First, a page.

When we moved into this house over twenty years ago, our neighbour Mrs M was already in her mid-70s. She’d arrived from Italy at the age of thirteen and had gone straight to work in the canefields of Cairns. She was sharp as a tack, stubborn as a mule and tough as nails – she used to trim the edges of her lawn with a cane knife (machete). I adored her.
Our house was a deceased estate that had been empty for nearly two years, which gives you some idea of the state it was in. There was no shower or inside toilet, the kitchen had 53cm (21″) of bench space – divided into three sections, and the front bedroom had layer upon layer of rotting carpet.
We were in our early 20s, and had borrowed money from everyone we knew to make the purchase price. We were also stupid. We laid a white tiled kitchen floor – because I liked how shiny and clean it looked – and spent $1500 of the $2000 we had allocated for furniture on an antique Kilim hall runner. We sat on beanbags for the first year.
Mrs M, bless her soul, took pity on us. She would bring over covered plates of pasta and peas, and vegetables from her garden, and figs from her enormous trees. She would make me espresso coffee strong enough to dissolve a spoon, and hem my jeans so that I didn’t have to pay $12 to the drycleaner. She taught me how to be a good neighbour.
And I grew to love the older Italians in our neighbourhood. They’re incredibly kind, brutally honest, and passionate about life.
. . . . .
Batutto is a soffrito which uses a specific type of Italian salted pork. I decided to see if it was available at the cheese shop. When I arrived, Johnny’s mum Rita and her friend Teresa were both there.
I couldn’t see anything marked as “batutto” in the fridge cabinet, but I did find guanciale, speck and pancetta. I asked the ladies if one of those would do.
No, no, no, batutto had to be made at home, using pork belly bought from a butcher in Campsie (not from a regular butcher, as the pork would be too lean).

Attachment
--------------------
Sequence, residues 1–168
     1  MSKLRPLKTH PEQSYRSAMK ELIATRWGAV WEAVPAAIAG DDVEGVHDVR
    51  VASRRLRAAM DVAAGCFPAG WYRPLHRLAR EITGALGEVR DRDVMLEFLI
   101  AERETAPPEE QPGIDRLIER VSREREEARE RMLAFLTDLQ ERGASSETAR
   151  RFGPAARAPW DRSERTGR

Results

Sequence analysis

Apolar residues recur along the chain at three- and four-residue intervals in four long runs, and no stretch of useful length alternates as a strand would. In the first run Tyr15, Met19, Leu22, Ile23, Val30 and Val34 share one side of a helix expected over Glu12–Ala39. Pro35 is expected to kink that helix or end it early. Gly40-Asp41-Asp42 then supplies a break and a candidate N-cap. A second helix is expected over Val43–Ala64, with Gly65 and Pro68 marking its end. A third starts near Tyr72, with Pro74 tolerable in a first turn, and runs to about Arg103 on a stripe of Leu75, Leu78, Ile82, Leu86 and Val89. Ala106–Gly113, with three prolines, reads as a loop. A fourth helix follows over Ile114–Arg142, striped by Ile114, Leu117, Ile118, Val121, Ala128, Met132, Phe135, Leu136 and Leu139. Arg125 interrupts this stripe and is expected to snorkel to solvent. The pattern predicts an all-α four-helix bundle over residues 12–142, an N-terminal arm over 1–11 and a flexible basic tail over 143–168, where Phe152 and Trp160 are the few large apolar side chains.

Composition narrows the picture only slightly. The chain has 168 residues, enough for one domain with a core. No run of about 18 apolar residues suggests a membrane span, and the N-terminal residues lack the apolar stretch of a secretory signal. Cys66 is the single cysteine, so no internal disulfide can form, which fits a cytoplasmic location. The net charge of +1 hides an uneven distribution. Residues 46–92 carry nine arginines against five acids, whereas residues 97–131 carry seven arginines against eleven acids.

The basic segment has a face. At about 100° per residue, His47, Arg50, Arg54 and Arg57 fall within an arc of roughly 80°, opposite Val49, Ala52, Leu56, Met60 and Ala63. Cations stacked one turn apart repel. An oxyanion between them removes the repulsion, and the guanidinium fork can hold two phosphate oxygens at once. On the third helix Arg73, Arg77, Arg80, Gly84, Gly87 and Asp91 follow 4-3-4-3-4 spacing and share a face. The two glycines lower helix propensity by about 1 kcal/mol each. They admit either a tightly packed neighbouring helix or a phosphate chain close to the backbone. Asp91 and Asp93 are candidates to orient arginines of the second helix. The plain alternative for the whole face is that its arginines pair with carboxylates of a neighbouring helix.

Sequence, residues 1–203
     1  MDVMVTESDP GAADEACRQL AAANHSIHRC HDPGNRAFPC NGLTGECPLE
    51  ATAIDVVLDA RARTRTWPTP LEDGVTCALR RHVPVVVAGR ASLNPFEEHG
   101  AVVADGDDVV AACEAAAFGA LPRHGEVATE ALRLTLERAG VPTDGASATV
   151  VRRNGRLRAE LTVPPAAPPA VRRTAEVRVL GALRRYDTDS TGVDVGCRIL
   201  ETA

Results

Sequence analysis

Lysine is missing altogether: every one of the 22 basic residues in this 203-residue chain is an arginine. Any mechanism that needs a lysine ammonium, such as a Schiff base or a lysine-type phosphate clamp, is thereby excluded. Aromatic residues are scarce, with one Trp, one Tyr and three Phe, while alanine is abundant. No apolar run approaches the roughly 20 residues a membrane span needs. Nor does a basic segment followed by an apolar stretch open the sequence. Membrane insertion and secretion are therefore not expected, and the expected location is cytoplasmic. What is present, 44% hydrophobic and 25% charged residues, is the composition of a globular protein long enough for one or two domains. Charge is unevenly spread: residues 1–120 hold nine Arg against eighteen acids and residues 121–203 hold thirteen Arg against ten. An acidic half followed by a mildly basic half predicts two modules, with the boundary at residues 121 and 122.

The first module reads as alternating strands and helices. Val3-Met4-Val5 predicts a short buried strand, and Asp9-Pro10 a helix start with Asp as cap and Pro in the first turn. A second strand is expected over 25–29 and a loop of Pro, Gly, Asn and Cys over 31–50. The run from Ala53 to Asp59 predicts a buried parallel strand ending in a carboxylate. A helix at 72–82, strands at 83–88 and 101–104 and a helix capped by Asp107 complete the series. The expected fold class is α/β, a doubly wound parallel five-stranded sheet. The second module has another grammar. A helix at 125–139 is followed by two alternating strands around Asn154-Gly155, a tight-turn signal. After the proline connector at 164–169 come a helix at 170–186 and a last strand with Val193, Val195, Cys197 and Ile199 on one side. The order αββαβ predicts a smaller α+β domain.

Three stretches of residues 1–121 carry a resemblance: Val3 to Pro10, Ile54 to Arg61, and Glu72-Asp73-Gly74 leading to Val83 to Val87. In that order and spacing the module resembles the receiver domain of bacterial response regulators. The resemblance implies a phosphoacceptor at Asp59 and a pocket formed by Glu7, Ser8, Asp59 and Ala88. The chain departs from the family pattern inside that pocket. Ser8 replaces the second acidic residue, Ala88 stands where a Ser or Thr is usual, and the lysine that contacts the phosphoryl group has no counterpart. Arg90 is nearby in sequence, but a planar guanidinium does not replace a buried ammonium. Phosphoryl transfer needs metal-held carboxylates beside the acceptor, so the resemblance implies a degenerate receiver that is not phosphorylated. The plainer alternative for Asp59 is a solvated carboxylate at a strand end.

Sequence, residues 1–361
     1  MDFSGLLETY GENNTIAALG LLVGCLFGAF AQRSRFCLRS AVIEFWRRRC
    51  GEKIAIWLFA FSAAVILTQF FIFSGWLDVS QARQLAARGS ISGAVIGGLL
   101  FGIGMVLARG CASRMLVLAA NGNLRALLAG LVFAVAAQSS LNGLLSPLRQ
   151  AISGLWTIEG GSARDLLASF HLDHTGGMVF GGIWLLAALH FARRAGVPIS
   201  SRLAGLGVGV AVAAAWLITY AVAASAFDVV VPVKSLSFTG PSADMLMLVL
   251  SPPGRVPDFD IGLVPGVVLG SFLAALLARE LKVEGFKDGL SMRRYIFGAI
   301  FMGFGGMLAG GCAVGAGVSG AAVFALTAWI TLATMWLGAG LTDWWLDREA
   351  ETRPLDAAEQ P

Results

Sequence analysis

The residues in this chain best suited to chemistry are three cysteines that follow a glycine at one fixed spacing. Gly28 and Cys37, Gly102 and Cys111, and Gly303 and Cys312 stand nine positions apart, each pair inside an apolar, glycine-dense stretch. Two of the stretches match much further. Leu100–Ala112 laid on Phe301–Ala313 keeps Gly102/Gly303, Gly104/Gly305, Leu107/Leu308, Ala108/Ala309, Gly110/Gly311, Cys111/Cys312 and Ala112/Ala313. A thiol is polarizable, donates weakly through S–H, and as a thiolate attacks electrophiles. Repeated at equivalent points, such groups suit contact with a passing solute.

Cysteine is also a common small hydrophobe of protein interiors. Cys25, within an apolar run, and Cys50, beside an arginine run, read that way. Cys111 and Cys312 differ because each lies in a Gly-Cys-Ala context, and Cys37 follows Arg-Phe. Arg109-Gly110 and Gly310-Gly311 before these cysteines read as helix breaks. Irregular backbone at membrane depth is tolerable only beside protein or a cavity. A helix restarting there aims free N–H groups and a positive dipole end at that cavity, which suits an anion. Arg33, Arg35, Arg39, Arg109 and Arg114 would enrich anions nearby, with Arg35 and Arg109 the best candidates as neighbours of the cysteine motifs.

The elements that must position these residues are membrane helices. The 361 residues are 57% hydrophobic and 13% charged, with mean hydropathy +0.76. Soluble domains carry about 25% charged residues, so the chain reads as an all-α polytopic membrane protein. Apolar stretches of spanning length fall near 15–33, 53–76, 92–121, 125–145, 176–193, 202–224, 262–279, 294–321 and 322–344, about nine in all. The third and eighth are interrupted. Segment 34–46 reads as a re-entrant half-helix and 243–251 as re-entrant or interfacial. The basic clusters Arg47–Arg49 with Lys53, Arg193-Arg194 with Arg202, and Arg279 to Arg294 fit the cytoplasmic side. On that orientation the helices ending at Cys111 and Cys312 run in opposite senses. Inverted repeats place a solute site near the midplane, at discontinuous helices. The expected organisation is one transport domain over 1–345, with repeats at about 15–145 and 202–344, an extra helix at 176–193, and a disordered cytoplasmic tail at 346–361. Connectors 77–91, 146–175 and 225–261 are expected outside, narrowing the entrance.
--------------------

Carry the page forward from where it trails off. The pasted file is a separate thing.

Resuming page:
What, I asked, was the difference? The guanciale, speck and pancetta were all salted pork products – couldn’t I substitute one of those?
The speck, I was told, was too smoky, the pancetta wasn’t the right flavour for tripe, and guanciale could only be used in Amatriciana sauce. A vigorous discussion then ensued as to whether Amatriciana sauce should or shouldn’t have onions in it.
As I said, I love Italian nonnas.
So I bought some guanciale, made from the jowl of a pig, and used it to create Spaghetti all’Amatriciana. My apologies, Teresa – the only recipe I could find included onions.
I followed this New York Times recipe very closely, substituting half a fresh cayenne for the dried chilli flakes. If you need guanciale or San Marzano tomatoes, Johnny carries them in his cheese shop, but ring first to check, as both items are frequently out of stock.
Here are the ingredients I used:
- 1 tablespoon oil
- 1 medium onion, very thinly sliced
- 3 cloves of garlic, thinly sliced
- 100g guanciale, chopped into 5mm thick slivers
- 2 x 400g tins San Marzano tomatoes
- half a red cayenne pepper, chopped
- salt to taste
- ¼ cup (3 – 4 tablespoons) grated pecorino
- 400g dried pasta
The recipe only required a small square of guanciale, but the flavour was strong enough to permeate through the whole dish. Make sure to remove the tough rind before chopping it up. (More about guanciale here.)
It was a big hit with the boys – while I was taking the photo above, they ate the entire pot!